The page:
Nicholas Ashton, researcher at Wallenberg Centre for Molecular and Translational Medicine at University of Gothenburg and MedTech West, is first author of an article titled “Increased plasma neurofilament light chain concentration correlates with severity of post-mortem neurofibrillary tangle pathology and neurodegeneration“ published in Acta Neuropathologica Communications. The published results show for the first time that axonal injury marker, Neurofilament light (NfL), in blood associates with the severity of Alzheimer’s disease (AD) pathology in the post-mortem brain.
In recent years, there has been an increasing emphasis on developing a blood biomarker to predict the clinical onset of Alzheimer’s disease (AD) or to identify the underlying pathophysiology at its earliest stage. A blood-based measure has substantial practical and economic advantages over the imaging and cerebrospinal fluid (CSF) biomarkers that are now form the diagnostic research criteria for AD. A blood-based marker could complement CSF and molecular imaging biomarkers as a simplified initial triage step in a multi-stage assessment for early diagnosis, secondary prevention trial participant selection or monitoring of response to intervention over time.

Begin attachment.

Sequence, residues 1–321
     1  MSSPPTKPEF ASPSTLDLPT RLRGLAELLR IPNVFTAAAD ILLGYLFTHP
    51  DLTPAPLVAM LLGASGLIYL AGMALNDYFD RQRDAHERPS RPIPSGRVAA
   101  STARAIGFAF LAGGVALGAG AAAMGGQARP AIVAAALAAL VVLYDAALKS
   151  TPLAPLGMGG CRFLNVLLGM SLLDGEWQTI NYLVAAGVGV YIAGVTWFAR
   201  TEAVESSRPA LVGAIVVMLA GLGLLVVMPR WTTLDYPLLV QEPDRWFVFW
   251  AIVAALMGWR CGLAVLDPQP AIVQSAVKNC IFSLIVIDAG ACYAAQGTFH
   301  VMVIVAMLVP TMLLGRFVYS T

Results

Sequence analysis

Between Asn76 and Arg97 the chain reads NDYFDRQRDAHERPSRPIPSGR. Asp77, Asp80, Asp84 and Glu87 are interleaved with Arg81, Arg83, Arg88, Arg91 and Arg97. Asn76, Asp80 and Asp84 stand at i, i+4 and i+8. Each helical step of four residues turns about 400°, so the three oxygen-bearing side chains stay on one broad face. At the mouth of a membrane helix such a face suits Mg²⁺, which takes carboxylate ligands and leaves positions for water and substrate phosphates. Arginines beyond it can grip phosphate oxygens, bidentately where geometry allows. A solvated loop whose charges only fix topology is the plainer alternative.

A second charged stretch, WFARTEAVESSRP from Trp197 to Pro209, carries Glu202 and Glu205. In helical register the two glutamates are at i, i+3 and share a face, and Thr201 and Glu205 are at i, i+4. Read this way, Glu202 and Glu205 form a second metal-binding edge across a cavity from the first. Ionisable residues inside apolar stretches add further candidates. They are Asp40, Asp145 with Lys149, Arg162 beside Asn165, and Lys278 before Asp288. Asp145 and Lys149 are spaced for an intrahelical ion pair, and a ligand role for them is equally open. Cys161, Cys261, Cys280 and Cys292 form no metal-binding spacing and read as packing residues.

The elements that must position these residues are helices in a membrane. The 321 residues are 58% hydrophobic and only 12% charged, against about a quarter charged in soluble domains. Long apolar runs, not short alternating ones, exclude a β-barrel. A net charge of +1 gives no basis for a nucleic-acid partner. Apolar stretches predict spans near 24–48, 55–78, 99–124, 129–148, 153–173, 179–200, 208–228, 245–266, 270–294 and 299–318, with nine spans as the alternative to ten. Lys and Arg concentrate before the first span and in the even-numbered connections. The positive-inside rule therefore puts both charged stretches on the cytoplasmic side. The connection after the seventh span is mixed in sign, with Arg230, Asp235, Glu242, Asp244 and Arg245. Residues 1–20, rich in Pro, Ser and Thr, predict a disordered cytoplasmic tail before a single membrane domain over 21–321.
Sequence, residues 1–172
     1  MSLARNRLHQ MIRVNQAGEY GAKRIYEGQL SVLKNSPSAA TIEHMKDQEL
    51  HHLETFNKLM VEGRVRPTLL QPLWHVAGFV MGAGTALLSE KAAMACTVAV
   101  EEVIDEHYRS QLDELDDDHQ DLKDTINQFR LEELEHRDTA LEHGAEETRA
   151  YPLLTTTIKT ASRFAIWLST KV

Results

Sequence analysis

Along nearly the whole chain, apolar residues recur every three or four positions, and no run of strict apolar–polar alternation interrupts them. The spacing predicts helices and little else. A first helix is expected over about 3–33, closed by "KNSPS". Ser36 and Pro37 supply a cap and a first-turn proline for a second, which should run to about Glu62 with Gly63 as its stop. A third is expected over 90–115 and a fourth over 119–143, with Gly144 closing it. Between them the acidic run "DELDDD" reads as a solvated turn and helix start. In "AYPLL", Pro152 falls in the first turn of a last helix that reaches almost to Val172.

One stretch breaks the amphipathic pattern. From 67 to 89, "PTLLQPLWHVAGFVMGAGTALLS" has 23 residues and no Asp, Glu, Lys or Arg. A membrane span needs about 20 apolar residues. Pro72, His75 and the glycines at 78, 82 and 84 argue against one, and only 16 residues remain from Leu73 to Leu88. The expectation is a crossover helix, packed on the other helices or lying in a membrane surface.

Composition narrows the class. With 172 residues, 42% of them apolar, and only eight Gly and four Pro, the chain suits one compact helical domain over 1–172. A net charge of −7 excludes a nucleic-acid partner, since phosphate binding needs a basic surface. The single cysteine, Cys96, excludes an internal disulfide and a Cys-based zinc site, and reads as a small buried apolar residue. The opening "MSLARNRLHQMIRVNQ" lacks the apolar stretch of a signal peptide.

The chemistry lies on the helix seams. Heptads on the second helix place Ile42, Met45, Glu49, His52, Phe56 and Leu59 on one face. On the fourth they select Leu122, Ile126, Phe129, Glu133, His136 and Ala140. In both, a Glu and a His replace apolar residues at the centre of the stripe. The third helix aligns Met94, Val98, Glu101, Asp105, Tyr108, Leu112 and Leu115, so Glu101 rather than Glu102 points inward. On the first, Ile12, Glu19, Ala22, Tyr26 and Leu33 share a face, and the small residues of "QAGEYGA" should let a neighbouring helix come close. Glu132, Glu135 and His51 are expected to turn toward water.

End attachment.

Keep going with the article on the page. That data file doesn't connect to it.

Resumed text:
Neurofilament light chain (NfL), a marker of axonal degeneration, is robustly elevated in the blood of many neurological and neurodegenerative conditions, including AD. A strong relationship with cerebrospinal fluid (CSF) NfL suggests that these biomarker modalities reflect the same pathological process. Yet, the connection between blood NfL and brain tissue pathology has not been directly compared. In this study, longitudinal plasma NfL from cognitively healthy controls and AD participants were quantified by an ultra-sensitive immunoassay platform. On reaching post-mortem, it was shown that plasma NfL concentrations (8 years prior to post-mortem) were associated with more severe AD pathology. Immunohistochemical evaluation of NfL in the medial temporal gyrus (MTG) demonstrated an inverse relationship between plasma NfL and brain NfL . For the first time, the researchers demonstrate that plasma NfL associates with the severity of AD pathology and neurodegeneration in the post-mortem brain.
Other authors are Antoine Leuzy, Yau Mun Lim, Claire Troakes, Tibor Hortobágyi, Kina Höglund, Dag Aarsland, Simon Lovestone, Michael Schöll, Kaj Blennow, Henrik Zetterberg and Abdul Hye.